Pubdate: Wed, 06 Oct 2010
Source: Daily Bruin (UCLA, CA Edu)
Copyright: 2010, ASUCLA Student Media
Author: Sarah Khan


The act of smoking a marijuana joint is similar to puffing on a

Both substances have been known and used for hundreds of years, and
their potential risks have long been hot topics of debate among lawmakers.

Yet the jury is still out on whether marijuana shares similar health
risks as cigarette smoking.

For this reason, UCLA researchers like Dr. Donald Tashkin are looking
to compare the effects of marijuana and cigarettes on the lungs.

When Tashkin, a professor in the David Geffen School of Medicine,
started studying marijuana 30 years ago, he expected to find heavy
marijuana smokers suffering from many of the same diseases that
chronic cigarette smokers suffer from, such as lung cancer and emphysema.

In many ways, this hypothesis was a natural one to

"Marijuana leaves contain the same carcinogens as tobacco," said Dr.
Michael Roth, a medical school professor who is studying marijuana's
effect on the lungs and immune system. "So when you smoke those,
you're smoking the same carcinogens as if you were smoking tobacco."

Marijuana smokers also hold the smoke in their lungs for a longer
period of time to experience a "high," Tashkin said.

Smoking like this can deposit four times as much carcinogenic tar in
the lungs, he added.

Research has shown that both heavy marijuana and cigarette smokers are
at a greater risk for developing chronic bronchitis, a constant
inflammation of the large airways. This condition often leads to
coughing, wheezing and difficulty breathing, Tashkin said.

In his research, Tashkin also came across documented cases of
marijuana smokers suffering from various head and neck cancers.

Although these reports were not as reliable as controlled academic
studies, marijuana's chemical content seemingly pointed to an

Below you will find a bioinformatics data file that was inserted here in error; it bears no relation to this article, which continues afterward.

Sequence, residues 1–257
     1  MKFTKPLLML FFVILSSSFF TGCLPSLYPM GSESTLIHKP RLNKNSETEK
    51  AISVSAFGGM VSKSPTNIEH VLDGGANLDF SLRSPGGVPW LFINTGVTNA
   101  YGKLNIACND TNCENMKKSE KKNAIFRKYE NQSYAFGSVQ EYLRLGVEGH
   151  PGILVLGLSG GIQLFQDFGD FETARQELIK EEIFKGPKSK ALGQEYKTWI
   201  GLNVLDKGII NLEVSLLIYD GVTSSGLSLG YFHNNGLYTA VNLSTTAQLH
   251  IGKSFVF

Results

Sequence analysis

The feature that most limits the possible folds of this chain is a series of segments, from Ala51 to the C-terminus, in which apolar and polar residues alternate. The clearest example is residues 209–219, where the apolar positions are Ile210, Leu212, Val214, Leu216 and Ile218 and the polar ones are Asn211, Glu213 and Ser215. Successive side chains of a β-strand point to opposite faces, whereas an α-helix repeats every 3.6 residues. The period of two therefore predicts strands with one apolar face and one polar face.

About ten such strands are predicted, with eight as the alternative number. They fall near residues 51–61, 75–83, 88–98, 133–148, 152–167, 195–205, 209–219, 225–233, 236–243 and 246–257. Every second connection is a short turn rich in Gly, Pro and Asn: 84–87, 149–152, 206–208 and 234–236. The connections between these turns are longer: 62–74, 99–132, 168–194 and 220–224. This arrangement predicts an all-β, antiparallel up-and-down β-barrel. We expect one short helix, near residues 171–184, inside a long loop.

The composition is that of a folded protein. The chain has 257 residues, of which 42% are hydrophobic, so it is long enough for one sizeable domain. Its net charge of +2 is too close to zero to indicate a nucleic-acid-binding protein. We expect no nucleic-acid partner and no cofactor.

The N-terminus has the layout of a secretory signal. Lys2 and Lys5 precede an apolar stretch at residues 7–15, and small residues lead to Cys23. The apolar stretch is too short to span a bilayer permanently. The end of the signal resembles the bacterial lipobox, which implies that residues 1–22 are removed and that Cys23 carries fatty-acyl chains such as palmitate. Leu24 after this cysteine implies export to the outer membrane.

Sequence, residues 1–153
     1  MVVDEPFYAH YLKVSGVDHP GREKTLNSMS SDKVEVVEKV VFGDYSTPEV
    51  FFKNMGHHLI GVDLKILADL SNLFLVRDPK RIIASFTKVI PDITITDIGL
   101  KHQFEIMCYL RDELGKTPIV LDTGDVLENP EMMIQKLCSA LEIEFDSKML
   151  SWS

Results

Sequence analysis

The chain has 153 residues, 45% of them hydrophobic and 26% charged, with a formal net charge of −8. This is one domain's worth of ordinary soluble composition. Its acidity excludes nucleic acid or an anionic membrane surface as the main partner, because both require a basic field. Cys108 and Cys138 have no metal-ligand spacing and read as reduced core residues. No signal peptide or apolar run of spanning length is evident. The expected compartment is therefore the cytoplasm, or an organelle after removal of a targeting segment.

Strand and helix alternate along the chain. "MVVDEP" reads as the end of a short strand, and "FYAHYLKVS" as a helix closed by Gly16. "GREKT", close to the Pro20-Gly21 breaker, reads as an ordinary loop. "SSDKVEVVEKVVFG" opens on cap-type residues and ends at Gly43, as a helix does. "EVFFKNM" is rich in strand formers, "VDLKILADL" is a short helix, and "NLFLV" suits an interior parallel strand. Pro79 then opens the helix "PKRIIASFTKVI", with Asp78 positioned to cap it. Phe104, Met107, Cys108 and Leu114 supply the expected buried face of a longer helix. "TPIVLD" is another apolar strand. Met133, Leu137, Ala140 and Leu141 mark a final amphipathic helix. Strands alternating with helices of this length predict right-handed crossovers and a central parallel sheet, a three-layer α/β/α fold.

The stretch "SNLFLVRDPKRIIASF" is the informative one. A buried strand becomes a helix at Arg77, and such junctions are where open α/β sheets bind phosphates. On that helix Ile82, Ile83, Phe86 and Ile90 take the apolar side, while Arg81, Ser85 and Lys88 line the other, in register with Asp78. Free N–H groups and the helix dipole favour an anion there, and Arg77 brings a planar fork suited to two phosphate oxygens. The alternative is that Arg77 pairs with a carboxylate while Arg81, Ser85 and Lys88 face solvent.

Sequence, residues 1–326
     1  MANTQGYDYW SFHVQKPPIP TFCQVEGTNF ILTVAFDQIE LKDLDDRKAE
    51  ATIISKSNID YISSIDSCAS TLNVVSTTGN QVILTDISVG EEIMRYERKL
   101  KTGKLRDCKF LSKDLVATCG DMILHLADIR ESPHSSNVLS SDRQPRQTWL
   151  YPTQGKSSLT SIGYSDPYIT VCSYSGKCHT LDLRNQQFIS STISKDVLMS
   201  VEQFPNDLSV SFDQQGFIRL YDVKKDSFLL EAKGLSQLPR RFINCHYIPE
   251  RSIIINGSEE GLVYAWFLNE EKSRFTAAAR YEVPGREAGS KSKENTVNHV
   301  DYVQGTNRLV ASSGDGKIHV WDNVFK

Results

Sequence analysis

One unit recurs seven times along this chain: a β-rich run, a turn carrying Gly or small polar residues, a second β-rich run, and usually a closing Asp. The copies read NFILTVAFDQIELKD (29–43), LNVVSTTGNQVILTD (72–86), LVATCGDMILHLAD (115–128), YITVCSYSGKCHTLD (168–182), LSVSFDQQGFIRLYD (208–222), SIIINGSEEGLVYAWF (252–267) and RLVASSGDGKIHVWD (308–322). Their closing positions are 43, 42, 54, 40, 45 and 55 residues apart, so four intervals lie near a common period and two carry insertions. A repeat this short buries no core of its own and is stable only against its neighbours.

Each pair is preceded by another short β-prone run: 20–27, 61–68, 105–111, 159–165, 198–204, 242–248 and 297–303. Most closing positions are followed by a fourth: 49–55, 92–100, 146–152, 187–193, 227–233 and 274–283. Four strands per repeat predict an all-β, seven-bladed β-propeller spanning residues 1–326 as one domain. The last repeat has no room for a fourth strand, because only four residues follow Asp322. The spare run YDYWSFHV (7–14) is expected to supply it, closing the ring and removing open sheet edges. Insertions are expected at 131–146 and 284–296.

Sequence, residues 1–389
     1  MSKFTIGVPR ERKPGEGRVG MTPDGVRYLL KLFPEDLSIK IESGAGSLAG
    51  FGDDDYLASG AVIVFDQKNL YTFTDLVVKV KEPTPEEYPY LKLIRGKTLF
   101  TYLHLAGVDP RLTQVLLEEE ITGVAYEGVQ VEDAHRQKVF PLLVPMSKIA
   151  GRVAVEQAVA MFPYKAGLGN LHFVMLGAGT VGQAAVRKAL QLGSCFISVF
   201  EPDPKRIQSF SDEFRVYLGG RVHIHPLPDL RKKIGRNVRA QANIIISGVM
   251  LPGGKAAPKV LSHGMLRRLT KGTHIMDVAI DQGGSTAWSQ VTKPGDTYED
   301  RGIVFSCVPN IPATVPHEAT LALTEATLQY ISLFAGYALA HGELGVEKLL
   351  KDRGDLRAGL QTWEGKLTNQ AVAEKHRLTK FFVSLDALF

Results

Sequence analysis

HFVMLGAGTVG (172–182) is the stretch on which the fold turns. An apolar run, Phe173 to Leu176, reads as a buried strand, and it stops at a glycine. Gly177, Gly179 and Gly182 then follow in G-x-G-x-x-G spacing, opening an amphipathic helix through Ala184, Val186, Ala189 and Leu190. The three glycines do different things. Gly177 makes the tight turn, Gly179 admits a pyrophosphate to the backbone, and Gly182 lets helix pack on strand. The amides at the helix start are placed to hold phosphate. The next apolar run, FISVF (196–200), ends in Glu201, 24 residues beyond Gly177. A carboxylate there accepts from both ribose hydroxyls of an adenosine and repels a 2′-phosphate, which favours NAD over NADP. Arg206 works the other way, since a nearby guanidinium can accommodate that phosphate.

increased risk of cancer and chronic obstructive pulmonary disease,
which is associated with heavy cigarette smoking.

But Tashkin's study gave researchers some unex pected

When Tashkin took lung cell samples from marijuana smokers, he found
no link between heavy marijuana smoking and an increased risk of lung
cancer or emphysema.

Lung function tests showed that the lungs of marijuana smokers worked
just as well as those of nonsmokers, he said.

In addition, Tashkin led a six-year study documenting all cases of
head and neck cancers in Los Angeles.

Researchers determined risk factors for head and neck cancers based on
the subjects' family histories, diet, lifestyle and smoking habits, he
said. But the results did not label marijuana as a risk factor for the

People who smoked more than two packs of cigarettes a day were 20
times as likely to develop the cancer, according to the study.

These counterintuitive results may be attributable to
delta-9-tetrahydrocannabinol, or THC - the chemical in marijuana
leaves that gives smokers of the plant a "high," Tashkin said.

The chemical prevents lung cell inflammation, which in turn lowers the
risk of developing a cancerous tumor, Roth said.

He added that cigarettes don't have this property.

Researchers are looking at the chemical's anti-tumoral properties not
only in the lungs but in other parts of the body, such as the heart,
blood vessels, immune system and metabolism, Roth said.

"There is a lot of interest in seeing if (the chemical's) effects on
the body holds the possibility for designing new medications and
drugs," Roth said.

But the amount of research done on marijuana is small compared to what
has been studied in cigarettes, Roth said.

"Until you study something, you don't really know what's going on,"
Roth said. "The most important thing is not to assume that (marijuana)
doesn't cause any (harmful) effects." 
- ---
MAP posted-by: Richard Lake